If I was elected, I don’t need to rely on Council childcare, but it would be great to be able to count on them for support. So far, with all my busy campaigning, I have relied on the goodwill of my family to look after my son. I may not be a perfect mother, but I’m sure when he grows up he will understand that you make a living by what you get, but you make a life by what you give.

Yes I am trying to have it all, and often with heart-warming, sometimes heart-wrenching but also humorous results. Where I can, I try and take my son as child care can be expensive. However, I have also found it is hard to juggle being a mother and an MC at some events.

Last Saturday, I had to speak at a function with 600 guests. My son was close by, being looked after by his ‘digital nanny’ (the iPad). He casually strolled onto the stage, pulled my clothes and declared, “Mama I need to pee”.

Now that I can handle, but if I had to drag my son to a council meeting for six hours that would be unfair on him and even the iPad wouldn’t last that long!

Many other women, especially mothers, are trying to have and do it all, but sadly often it is other women which cut them down. The former U.S Secretary of State, Madeleine Albright was famous for saying: “I think there is a special place in hell for women who don’t help other women.”

Now that is quite harsh, but I’m sure most women in the workforce have encountered women who have been more of a hindrance than a help.

I for one, am extremely excited, inspired and motivated whenever I meet a ‘succexcellent’ woman (that is, successful and excellent!). I think successful woman are great role models, not only for other women, but society in general.

I’d love to be elected to Council, because I think I could make the Hills Shire a better place to live and work. But if not me, then I’d at least love to see some mums get elected to Councils to help improve the footpaths, playgrounds and services for the benefit of all residents.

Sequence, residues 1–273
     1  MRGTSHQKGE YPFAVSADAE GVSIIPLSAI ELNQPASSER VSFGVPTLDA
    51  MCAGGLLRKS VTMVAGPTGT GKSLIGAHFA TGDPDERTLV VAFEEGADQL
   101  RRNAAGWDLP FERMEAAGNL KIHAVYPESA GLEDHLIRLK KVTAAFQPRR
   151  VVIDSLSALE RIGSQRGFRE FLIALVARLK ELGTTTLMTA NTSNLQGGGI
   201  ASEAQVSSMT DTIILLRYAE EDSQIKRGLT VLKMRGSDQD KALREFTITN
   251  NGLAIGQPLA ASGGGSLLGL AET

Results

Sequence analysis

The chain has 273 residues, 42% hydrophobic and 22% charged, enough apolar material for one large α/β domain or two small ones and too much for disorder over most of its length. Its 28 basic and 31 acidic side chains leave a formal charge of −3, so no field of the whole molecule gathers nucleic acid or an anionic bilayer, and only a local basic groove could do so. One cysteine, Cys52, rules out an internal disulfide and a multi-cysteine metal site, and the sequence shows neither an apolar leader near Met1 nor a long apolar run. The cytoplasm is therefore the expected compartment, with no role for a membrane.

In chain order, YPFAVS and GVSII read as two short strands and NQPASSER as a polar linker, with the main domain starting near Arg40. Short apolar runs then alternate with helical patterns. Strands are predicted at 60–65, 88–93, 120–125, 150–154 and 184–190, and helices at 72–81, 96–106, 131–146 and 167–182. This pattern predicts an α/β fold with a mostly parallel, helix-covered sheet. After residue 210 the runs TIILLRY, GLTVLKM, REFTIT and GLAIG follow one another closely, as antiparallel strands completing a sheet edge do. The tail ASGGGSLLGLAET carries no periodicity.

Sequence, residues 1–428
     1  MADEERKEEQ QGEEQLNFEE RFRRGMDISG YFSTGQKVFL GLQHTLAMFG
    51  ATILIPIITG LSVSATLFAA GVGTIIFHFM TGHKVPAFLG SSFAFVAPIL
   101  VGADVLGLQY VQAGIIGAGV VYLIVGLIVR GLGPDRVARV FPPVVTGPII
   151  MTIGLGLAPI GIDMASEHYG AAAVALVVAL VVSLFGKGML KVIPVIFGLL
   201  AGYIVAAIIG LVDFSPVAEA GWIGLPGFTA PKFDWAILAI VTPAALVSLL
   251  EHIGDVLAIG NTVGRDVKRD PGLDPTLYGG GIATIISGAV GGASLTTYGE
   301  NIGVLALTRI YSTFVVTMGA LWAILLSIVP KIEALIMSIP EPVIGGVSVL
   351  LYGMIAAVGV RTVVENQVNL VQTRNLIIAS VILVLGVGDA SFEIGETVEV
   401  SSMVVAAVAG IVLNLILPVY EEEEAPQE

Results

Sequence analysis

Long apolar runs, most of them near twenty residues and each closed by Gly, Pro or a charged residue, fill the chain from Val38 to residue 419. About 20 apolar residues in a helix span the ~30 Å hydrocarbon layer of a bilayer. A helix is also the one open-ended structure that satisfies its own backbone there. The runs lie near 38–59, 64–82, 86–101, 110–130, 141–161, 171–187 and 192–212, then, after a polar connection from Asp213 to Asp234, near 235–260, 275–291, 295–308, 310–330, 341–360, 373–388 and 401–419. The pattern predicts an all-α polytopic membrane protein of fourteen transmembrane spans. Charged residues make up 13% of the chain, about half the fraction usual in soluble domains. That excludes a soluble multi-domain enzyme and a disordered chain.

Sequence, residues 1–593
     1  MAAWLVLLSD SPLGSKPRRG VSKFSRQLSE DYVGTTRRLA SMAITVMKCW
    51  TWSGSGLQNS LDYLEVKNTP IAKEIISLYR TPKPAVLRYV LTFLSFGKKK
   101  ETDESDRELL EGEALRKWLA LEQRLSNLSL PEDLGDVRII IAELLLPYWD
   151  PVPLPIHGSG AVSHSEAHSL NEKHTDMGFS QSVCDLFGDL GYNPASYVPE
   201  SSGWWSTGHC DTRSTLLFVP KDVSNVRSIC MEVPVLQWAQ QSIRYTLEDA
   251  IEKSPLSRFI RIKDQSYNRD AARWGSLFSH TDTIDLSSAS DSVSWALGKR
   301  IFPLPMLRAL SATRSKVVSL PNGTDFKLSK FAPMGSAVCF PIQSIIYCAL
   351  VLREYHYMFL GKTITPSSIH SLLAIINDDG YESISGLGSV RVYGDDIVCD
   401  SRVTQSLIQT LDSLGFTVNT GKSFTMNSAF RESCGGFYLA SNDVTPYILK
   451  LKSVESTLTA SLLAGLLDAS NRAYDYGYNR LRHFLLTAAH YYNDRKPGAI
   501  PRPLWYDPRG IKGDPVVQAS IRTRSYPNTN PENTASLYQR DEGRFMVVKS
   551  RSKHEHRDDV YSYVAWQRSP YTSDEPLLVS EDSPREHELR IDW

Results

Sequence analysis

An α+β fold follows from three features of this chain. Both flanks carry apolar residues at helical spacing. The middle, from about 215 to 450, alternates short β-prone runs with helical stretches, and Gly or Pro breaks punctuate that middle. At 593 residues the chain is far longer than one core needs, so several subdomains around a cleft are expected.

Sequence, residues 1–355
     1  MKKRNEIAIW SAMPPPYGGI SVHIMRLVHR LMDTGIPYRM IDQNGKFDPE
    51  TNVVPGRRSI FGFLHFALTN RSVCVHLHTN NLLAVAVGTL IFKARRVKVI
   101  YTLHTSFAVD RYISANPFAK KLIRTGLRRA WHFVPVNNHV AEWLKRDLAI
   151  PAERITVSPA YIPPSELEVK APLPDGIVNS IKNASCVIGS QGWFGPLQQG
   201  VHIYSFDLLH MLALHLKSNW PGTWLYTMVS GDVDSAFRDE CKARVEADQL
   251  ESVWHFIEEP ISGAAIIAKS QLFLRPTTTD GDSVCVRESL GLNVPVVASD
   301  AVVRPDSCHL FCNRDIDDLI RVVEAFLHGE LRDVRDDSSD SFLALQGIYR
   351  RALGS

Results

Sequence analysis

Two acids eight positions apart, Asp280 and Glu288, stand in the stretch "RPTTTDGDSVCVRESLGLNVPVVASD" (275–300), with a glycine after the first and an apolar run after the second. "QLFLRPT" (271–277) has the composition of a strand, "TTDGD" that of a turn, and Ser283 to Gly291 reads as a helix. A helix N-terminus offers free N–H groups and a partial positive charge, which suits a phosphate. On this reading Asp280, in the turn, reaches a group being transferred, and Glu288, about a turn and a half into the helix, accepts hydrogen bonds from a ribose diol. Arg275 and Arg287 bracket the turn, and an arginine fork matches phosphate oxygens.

Aisha Amjad is an ex-lawyer but is currently studying for her Masters in International Law and International Relations. She has lived in the Hills Shire all her life and is a mum to her 5 year old son Miraan.

You can email her on aisha.amjad.govt@gmail.com or Aisha AK on Facebook (aisha.ak.16@facebook.com).

In New South Wales, it is compulsory to vote this Saturday, September 8. The fine for not voting is $55.

You can find out more about your local candidates and where you can vote here .

Stop press. Kids in child care are just fine. Good news for working mums

New research has today confirmed what most working mums already knew – that kids in childcare are just fine.

The research, reported in today’s Sydney Morning Herald, confirms that childcare use in the first year of life has no discernible bad effects.

The research is Australian based and tracked children through to eight or nine.  It found that among two and three year olds in childcare centres, there were no differences in behaviour or adjustment between those who started as babies  and those we started later.  The researchers looked at the evaluations of teachers as well as parents, so isn’t based on parents justifying their own choices.

Making decisions about when to go back to work and what’s best for your own kids is hard, and finding the right centre and feeling comfortable about your choices is even harder.

There’s no way of  getting rid of that nagging feeling that your own choices may not be the right one forever, but you can now know there is conclusive evidence that if you decide to return to work a little earlier than you planned – your kids will be ok.

Feel better?  We hope so.

More information on the study is available here

More on what we’ve had to say about the importance of quality childcare is here.